(a) Our first merging criterion was based on the areas of the catchment basins. Noisy catchment basins for minor local variations have small areas. If 1 of the areas of 2 or more catchment basins was smaller than a threshold when they met at a ridge point, the smaller catchment basin below the threshold was merged into the adjacent catchment basin with the deepest pit and its sulcal pit was removed. We empirically set the threshold at 30 mm2. We calculated the Voronoi region area of each vertex for local surface area (Meyer et al. 2002). The area of any arbitrary region on a triangular mesh can be measured as the sum of the Voronoi areas of the vertices making up that region (Fig. 2A).
(b) We merged some sulcal pits using a second criterion, the distance between the pits. We computed the geodesic distance along the surface from all sulcal pits as seed vertices (Lanthier et al. 2001; Robbins 2003; Robbins et al. 2004). If the distance between any 2 pits was less than a 15 mm threshold, the shallower pit was merged into the deeper one. This criterion is based on the assumption that early, deep sulcal points may not be very close to each other. Previous studies describing the clusters of sulcal pits and the generic model of sulcal roots demonstrated that the distance from one location to another is larger than the 15 mm threshold that we used (Regis et al. 2005; Lohmann et al. 2008).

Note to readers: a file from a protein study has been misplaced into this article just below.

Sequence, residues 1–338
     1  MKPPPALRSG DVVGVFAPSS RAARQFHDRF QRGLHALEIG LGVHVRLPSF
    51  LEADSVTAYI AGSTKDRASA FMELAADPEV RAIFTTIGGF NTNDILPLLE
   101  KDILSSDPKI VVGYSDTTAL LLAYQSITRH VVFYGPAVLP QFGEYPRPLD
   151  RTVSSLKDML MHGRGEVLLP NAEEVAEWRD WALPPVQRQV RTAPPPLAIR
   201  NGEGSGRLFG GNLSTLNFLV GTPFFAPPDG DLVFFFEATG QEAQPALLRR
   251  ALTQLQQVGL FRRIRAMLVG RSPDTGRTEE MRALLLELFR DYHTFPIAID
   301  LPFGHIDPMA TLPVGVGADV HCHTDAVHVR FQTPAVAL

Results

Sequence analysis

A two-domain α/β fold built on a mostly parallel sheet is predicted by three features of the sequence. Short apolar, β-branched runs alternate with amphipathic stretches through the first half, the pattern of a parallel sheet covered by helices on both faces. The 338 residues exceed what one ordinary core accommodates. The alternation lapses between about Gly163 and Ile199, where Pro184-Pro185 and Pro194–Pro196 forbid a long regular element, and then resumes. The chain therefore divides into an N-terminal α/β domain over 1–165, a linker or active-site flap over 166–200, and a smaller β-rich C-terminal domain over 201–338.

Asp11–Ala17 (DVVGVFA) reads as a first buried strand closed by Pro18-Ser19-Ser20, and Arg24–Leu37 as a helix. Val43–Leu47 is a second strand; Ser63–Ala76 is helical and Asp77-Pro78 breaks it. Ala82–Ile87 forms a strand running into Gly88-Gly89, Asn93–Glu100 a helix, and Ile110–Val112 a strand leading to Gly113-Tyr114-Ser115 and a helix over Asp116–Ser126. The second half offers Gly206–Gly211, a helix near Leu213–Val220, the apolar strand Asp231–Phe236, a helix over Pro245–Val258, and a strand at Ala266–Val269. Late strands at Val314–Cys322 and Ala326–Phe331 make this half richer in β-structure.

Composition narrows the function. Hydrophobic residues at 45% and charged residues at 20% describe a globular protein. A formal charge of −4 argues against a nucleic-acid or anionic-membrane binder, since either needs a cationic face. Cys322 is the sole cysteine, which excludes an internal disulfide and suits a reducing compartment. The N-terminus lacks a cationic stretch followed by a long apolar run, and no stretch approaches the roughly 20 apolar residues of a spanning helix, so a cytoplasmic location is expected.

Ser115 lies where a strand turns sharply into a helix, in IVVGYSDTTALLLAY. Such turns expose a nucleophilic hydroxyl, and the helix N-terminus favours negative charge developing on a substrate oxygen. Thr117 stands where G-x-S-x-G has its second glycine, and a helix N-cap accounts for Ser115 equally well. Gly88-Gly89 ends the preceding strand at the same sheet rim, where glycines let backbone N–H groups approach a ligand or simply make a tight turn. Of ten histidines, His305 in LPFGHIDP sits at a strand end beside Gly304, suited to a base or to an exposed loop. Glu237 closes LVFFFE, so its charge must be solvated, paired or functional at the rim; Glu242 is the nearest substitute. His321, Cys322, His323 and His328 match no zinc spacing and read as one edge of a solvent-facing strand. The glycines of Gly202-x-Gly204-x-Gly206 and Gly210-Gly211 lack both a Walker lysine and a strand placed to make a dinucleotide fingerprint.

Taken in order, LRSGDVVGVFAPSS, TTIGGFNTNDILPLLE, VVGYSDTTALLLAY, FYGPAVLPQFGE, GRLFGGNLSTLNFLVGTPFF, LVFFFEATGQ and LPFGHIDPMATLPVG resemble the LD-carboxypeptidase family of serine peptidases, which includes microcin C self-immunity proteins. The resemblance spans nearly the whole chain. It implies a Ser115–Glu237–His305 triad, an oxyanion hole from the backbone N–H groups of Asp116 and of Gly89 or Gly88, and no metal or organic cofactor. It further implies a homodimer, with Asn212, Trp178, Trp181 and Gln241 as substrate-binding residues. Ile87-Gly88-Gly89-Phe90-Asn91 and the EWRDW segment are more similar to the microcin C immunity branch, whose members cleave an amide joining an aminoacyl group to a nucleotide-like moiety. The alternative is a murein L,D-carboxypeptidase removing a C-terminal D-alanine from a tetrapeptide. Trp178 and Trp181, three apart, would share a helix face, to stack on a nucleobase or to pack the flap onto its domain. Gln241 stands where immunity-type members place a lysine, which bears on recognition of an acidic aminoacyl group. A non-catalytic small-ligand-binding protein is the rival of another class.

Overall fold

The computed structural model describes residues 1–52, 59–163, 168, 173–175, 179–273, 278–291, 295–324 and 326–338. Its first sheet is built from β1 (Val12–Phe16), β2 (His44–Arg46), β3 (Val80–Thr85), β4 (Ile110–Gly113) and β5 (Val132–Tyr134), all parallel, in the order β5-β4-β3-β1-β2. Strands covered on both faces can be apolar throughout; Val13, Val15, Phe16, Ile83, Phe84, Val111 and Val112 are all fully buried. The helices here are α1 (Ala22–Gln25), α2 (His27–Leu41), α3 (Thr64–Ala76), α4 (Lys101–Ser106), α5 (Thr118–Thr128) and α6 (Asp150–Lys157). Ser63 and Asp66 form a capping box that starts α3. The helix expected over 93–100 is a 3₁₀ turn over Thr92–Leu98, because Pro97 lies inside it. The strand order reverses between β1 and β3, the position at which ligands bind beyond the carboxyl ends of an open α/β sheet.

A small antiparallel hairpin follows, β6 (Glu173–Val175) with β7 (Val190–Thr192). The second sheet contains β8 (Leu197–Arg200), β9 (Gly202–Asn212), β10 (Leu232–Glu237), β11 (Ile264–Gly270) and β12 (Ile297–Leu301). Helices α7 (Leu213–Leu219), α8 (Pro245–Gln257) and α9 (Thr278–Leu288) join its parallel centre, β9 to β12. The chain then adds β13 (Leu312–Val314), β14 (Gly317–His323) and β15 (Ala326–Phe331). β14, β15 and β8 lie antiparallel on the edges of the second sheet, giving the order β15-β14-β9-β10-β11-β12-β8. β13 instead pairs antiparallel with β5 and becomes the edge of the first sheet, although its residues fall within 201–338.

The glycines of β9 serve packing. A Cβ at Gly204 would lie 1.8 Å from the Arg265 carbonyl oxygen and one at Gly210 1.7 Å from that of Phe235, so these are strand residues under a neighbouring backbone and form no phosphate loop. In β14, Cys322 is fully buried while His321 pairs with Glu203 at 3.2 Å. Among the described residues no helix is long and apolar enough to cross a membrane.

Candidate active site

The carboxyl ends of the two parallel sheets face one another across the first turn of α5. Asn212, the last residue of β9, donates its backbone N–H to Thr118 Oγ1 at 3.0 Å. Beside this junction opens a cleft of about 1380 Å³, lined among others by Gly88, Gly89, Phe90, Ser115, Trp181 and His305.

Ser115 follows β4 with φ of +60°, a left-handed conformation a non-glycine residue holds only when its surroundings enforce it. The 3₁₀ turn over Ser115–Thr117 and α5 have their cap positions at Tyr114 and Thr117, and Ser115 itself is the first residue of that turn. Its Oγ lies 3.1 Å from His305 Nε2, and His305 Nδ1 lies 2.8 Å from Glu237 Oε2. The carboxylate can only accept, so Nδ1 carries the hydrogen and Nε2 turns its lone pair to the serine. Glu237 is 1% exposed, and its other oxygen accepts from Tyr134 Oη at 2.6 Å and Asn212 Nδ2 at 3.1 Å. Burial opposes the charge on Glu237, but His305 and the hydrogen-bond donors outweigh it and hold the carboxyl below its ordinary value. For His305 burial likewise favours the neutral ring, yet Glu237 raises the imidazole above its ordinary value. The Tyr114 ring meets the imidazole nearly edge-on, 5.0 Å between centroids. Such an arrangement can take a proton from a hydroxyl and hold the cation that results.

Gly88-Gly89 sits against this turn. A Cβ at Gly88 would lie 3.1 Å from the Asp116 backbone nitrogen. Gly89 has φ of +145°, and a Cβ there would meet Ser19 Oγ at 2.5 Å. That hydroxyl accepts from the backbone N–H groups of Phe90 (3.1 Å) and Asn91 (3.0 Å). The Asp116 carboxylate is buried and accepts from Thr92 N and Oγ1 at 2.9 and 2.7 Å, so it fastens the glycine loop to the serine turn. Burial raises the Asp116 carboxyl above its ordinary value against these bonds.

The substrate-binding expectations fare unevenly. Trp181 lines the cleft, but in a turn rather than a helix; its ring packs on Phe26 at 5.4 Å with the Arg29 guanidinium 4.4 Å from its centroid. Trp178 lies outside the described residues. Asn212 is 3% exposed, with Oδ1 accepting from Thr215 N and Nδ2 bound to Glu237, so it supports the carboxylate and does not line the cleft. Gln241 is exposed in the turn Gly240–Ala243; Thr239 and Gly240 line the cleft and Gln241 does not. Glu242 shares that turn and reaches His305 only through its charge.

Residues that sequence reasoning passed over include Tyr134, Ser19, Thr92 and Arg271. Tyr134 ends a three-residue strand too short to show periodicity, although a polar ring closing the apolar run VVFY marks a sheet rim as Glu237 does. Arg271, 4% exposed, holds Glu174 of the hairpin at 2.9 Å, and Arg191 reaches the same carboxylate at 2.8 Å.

(c) The final criterion was that the height of the ridge (the depth of the sulcal pit minus the depth of the ridge) should be less than the threshold for merging. Although 1 of the 2 criteria described above was met, merging was not executed and the sulcal pit was considered to be present if the ridge was higher than a threshold of 2.5 mm. Thus the logic for merging required ((a OR b) AND c) (Fig. 2B). The same threshold value of ridge height for merging was previously used in a watershed algorithm to segment anatomically different sulci (Yang and Kruggel 2008).
Cluster Segmentation in the Group Map